Christine Stawitz, NOAA Fisheries, [email protected]
Claudio Castillo Jordan, SPC
Anne Cooper, ICES
Sean Anderson, DFO

Operationalizing Ecosystem-based Fisheries Management (EBFM) through Inclusive Research, Engagement, and Partnerships

Over the past decade, advances in scientific research have highlighted the importance of managing marine fisheries at ecosystem scales. However, the practice of ecosystem-based fisheries management (EBFM) remains patchy across the globe, with gaps and bright spots both evident. One of the biggest challenges encountered is limited engagement between scientists and others who are involved in management decisions. In this session, scientific experts, managers, and other relevant stakeholders will speak to some of the bright spots and past challenges that they’ve encountered while co-designing and integrating scientific knowledge to inform the advancement of EBFM in their respective locations and management contexts. This session will include presentations from a variety of individuals from different countries and different management contexts, followed by a broader group discussion on how to leverage these experiences and approaches to expand the use of EBFM principles and practice more broadly.


Jason Landrum, Lenfest Ocean Program at The Pew Charitable Trusts
Beth Fulton, Commonwealth Scientific and Industrial Research Organisation, [email protected]
Keith Sainsbury, University of Tasmania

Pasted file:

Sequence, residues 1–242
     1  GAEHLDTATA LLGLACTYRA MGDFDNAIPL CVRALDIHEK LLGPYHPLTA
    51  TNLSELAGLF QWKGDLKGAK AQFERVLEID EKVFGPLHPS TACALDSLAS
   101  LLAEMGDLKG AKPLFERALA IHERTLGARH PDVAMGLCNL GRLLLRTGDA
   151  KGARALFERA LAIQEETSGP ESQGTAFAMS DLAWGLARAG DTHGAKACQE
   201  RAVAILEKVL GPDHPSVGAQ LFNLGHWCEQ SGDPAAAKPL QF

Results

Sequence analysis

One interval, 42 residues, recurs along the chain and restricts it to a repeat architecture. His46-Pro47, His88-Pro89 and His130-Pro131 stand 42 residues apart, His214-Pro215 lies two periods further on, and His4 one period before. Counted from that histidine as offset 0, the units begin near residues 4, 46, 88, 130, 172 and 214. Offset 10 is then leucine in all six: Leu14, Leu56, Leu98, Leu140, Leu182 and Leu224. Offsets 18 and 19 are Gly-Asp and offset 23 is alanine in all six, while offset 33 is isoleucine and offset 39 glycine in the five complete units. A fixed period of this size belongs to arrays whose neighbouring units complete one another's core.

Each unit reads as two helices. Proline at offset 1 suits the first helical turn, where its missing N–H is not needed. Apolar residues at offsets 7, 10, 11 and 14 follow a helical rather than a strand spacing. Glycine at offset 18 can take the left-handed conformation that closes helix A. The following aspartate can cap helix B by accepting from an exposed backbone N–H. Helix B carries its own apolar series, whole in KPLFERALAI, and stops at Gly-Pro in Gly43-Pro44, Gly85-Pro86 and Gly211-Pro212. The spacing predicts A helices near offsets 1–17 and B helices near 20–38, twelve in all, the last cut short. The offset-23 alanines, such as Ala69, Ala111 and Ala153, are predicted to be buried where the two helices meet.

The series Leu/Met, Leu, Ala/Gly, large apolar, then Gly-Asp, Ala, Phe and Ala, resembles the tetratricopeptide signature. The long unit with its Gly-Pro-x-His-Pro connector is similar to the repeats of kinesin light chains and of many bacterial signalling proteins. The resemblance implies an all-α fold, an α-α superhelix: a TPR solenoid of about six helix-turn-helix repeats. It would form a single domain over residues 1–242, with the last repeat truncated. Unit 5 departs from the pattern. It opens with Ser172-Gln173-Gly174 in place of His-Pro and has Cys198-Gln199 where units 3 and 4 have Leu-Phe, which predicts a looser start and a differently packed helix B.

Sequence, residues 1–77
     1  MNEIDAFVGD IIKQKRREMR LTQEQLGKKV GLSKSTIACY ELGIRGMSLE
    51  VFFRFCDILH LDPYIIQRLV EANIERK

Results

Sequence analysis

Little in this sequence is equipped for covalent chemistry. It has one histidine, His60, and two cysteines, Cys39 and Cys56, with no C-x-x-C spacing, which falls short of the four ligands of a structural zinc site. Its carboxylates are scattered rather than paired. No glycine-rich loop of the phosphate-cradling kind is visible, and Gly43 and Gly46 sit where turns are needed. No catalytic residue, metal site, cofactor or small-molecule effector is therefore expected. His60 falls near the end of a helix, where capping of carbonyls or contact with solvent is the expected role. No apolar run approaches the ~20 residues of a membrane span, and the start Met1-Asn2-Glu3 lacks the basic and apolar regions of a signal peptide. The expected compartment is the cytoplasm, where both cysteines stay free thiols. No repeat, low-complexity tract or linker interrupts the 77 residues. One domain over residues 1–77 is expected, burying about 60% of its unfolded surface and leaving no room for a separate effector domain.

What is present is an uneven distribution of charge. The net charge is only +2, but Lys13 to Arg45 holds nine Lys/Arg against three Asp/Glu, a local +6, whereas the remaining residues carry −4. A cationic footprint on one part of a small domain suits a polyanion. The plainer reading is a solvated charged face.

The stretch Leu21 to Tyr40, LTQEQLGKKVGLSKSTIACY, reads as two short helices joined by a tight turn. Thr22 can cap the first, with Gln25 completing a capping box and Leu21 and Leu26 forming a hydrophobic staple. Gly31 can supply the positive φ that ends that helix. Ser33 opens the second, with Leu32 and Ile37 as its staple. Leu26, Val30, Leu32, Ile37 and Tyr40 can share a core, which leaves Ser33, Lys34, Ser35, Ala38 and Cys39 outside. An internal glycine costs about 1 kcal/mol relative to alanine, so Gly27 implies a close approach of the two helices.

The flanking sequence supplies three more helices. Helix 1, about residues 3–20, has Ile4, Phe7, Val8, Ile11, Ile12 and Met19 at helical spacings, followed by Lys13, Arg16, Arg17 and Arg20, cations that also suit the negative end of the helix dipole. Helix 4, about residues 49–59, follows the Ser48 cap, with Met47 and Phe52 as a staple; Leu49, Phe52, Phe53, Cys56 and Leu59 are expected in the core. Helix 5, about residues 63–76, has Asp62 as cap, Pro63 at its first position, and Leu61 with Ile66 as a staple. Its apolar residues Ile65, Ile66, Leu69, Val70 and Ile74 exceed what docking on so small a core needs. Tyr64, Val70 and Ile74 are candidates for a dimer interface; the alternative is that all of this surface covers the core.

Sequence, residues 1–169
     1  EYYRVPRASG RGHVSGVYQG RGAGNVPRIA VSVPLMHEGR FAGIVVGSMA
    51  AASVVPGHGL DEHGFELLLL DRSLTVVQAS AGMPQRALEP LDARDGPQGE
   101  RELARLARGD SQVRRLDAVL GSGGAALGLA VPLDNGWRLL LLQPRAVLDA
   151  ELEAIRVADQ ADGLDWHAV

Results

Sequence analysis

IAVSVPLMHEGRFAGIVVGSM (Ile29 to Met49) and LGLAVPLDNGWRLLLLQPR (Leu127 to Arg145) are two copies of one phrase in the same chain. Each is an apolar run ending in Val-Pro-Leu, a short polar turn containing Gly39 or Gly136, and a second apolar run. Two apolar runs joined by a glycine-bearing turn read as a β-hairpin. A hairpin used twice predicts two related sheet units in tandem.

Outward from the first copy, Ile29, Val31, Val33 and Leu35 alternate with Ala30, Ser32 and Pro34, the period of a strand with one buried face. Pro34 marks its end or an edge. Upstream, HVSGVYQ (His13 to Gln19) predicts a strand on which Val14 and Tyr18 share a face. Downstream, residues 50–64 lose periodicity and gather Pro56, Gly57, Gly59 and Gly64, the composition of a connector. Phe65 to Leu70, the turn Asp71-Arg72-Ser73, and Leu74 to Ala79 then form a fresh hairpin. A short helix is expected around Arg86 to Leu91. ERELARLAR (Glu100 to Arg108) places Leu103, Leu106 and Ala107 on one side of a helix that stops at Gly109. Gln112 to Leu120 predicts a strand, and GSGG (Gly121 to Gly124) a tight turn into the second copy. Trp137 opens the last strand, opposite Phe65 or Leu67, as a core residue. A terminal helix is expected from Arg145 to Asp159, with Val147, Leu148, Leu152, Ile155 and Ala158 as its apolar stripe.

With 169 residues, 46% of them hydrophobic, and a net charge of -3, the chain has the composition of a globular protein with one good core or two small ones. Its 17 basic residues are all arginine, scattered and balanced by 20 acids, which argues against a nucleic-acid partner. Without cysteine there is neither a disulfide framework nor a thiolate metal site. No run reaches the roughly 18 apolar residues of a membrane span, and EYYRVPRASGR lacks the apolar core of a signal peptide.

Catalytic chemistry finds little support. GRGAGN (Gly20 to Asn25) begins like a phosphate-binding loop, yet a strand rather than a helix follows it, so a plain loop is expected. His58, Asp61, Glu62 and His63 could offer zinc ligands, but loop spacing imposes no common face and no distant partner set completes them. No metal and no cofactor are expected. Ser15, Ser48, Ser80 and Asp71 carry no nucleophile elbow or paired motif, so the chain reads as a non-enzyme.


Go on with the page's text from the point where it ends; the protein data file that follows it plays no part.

Charlotte Hudson, Lenfest Ocean Program at The Pew Charitable Trusts

Managing Fisheries in a World of Shifting Stocks: Integrating Biological, Policy, Behavioural, Social and Economic Aspects

This session will convene discussions on current advances in fisheries management adaptation in response to changes in distribution and productivity of fish stocks due to climate change. These changes are wreaking havoc in established regulations, scientific advice and fishing dynamics, particularly for stocks moving across jurisdictional boundaries and/or fisheries with different sectors or communities competing for access. We invite proposals for talks on case studies as well as broader themes, focusing on governance, policy, human wellbeing, knowledge creation, modelling and data acquisition challenges across a range of regions and/or examples, focusing on problems as well as solutions. Abstracts for contributed talks that bring together perspectives based on multiple disciplines will be prioritised. The session will include a multidisciplinary group of invited panellists to kick off the event, followed by contributed talks, and will conclude with an interactive Roundtable discussion, with the aim of identifying key themes leading to a perspective paper.


Catherine Longo, Marine Stewardship Council, [email protected]
Olaf Jensen, UW Madison
Kanae Tokunaga, Gulf of Maine Research Institute
Tarub Bahri, Food and Agriculture Organisation